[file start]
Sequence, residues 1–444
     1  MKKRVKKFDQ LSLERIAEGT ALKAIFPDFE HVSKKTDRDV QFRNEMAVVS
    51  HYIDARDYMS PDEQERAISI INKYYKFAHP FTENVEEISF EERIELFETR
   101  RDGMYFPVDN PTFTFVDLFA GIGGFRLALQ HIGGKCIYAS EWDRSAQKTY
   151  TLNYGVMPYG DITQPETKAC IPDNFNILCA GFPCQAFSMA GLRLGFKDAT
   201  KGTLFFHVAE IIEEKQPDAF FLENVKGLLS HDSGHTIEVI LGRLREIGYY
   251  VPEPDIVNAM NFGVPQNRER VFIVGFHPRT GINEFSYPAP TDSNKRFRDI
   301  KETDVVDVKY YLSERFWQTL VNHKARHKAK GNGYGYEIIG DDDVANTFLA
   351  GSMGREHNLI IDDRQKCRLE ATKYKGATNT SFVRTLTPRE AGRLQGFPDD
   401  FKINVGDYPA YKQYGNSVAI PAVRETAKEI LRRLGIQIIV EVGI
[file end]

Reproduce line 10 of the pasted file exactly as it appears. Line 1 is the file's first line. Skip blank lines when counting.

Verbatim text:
   401  FKINVGDYPA YKQYGNSVAI PAVRETAKEI LRRLGIQIIV EVGI